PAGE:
Whether your a Rolex fan or not you can not take away from the fact that every ounce of effort goes into making it the very best it can be, this little gem will have a new owner soon and no doubt it will be treasured. With my work done its time to say good bye :)
If you enjoy these blogs then do come back as i try to update with new and interesting pieces as often as i get spare time for :)
A few weeks ago now i had this stunning IWC Pilots watch in for service featuring the 37526 movement calibre ( ETA 298X Base ), this is a unique piece and one worth mentioning here in a little detail. Although the main bulk of the movement is ETA based, the upper 24 hour/Date section is one developed by IWC for this specific model. Creating your own addition to an established movement is no small thing but in this case it works well and has since been improved.
As we already know a watch tells the time through a motion of gears that have specific ratios, it is these ratios which determine the path of the hands in order to show us the correct time. The rotation of the hour hand is once in 12 hours whilst the minute hand rotates 12 times in the same period. With the 37526 the addition of a 24 hour indication requires the clever use of additional gears in order to display a second time zone. This system is far better explained by the following link ( www.gregsteer.net ) but i add the images for those who want to view the parts were talking about >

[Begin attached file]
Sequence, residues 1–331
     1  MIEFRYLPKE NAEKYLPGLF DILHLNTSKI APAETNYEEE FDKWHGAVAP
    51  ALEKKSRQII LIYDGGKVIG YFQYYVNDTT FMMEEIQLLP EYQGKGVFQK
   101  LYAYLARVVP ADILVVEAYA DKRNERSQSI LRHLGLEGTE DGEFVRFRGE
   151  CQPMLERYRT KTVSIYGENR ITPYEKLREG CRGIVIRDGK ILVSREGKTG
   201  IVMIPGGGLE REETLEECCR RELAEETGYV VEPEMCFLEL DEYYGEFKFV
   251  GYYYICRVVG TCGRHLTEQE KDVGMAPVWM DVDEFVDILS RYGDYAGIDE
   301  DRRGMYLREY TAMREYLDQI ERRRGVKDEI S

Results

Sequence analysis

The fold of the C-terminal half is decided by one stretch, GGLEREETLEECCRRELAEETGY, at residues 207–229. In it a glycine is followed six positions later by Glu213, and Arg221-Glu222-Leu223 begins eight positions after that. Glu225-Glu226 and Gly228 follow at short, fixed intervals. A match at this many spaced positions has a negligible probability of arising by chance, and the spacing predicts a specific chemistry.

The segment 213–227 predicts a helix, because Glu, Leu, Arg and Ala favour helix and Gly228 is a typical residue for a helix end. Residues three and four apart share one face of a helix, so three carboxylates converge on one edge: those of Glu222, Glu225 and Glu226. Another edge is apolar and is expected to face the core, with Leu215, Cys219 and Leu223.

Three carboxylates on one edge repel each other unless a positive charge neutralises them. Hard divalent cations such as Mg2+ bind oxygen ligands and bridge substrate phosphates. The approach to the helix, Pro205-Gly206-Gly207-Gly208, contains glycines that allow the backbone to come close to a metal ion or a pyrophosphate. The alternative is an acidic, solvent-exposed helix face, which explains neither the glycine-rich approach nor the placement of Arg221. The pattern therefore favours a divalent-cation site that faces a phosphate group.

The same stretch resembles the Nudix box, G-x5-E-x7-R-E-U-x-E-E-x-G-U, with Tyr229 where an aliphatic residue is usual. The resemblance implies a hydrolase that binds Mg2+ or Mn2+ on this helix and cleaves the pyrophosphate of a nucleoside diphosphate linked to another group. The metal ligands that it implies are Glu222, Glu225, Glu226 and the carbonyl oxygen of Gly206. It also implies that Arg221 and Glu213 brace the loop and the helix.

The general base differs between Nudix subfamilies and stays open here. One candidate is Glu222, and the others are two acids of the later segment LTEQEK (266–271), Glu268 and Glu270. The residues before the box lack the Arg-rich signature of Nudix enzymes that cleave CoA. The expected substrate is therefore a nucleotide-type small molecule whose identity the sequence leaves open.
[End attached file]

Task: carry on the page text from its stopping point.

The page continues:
This system has since been updated to require the use of less parts and remove an issue present with the older sprung 24 wheel. The new design is far less prone to wear and so likely keep the watch running its best for longer.
Below are some further photos of the movement during disassembly
This watch certainly appeals to those who may travel frequently and want to keep track of time on more than one continent, the technical details are also quite interesting so that link above is worth a good read. The watch service went without issue and timing had been brought back to the green so it has since been returned to its owner for some more travelling. An interesting piece i thought id share :)
Hertfordshire based watch restorer. Follow my blog for new watches under restoration/repair